RUNNING SHOE STIFFNESS:THE EFFECT ON WALKING GAIT
AbstractSports shoes can be grouped into various categories based on their stability, protection capabilities, traction, impact characteristics and stiffness. The majority of shoe tests involve measures of traction and impact. Few studies have examined shoe sole stiffness. Therefore, the purpose of this study was to assess shoe sole stiffness by a materials testing procedure, and then examine the effect of shoe stiffness on walking gait. A damped oscillation technique, previously used on muscle-tendon complexes, was utilised to calculate the stiffness and the damping factor of six types of running shoes. The shoes used different rnidsole components which included air sacs, gel sacs, ethylene vinyl acetate (EVA), and kevlar reinforcing. Two shoes at the extremes of the range were then selected from the materials test results for use in the subsequent gait analysis. Nine males ranging in age from 25 to 45 years (mean =36 years) participated in the experiment. Heights ranged from 186cm to 176cm (mean=182cm) and weights ranged from 72.5kg to 89kg (mean=8lkg). No subjects had any musculoskeletal problems affecting the lower limb. Two dimensional video data were collected on the right leg using an Ariel Video Analysis system sampling at 50 Hz, as subjects walked at 5.1 km/hr on a motor driven treadmill. Markers were placed on the greater trochanter, lateral condyle of the femur, lateral malleolus of the fibular, the heel of the shoe and on the shoe at the level of the fifth metatarsal head. Three stride cycles were collected after the subjects had walked on the treadmill for one minute. Data were digitised and downloaded to FMAP software to calculate kinematic variables such as knee and ankle angle and knee and ankle angular velocity. Data were then normalised to 50 points and averaged across stride cycles and subjects. Although a comparison of the stiff and flexible shoes indicated no differences in the kinematic parameters (p>0.05), it may be that the muscles of the lower limb adjust their activity level for the stiffness of the shoe to maintain an invariant kinematic pattern.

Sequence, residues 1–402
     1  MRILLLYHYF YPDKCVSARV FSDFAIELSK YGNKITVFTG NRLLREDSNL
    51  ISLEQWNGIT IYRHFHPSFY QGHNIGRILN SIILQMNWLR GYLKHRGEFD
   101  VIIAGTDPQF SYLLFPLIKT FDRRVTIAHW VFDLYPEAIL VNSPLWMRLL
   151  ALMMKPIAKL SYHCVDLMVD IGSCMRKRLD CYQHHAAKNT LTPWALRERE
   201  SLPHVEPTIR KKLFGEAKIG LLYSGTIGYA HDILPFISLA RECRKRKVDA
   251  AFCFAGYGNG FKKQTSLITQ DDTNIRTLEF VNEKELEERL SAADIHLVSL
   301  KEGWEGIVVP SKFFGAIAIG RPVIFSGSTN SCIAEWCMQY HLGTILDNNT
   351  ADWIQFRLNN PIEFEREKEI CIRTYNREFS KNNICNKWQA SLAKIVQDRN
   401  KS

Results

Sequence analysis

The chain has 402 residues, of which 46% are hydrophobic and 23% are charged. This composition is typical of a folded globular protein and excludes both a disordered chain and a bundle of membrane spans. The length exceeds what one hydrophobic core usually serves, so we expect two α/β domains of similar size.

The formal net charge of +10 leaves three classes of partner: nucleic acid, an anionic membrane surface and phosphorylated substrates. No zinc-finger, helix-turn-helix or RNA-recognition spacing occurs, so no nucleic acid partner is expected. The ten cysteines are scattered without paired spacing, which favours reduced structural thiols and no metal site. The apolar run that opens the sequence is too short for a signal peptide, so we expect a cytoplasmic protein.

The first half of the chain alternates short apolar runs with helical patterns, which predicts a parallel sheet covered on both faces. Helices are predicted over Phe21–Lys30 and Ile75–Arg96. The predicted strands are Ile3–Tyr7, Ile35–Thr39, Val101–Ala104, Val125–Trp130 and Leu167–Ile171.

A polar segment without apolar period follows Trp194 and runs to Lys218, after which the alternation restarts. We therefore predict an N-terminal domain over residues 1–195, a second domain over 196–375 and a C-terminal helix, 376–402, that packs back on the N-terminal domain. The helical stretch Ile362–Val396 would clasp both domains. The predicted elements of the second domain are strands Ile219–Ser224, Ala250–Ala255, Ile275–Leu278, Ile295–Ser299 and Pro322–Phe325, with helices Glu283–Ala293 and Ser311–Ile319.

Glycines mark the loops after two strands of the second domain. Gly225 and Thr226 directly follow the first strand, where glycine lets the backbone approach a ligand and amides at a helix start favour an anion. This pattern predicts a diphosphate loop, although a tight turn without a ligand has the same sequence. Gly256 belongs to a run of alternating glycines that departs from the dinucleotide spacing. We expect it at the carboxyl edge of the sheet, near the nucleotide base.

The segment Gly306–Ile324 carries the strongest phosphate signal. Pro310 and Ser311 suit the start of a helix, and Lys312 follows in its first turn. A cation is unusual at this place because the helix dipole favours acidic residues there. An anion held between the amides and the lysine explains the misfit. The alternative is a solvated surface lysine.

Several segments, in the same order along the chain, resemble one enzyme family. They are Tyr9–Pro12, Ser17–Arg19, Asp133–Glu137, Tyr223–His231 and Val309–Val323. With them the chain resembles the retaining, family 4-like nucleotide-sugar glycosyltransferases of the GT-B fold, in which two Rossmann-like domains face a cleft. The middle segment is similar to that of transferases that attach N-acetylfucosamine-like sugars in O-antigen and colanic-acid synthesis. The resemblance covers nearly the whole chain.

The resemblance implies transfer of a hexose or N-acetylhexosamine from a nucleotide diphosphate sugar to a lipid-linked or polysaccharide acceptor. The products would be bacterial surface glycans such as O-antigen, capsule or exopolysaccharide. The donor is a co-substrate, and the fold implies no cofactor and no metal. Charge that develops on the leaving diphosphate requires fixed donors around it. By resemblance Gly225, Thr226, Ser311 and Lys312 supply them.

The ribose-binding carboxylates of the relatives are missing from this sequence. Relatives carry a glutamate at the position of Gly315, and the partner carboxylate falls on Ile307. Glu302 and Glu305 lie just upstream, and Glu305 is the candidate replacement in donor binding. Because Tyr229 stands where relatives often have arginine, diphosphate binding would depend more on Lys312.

Coaching and Sports Activities
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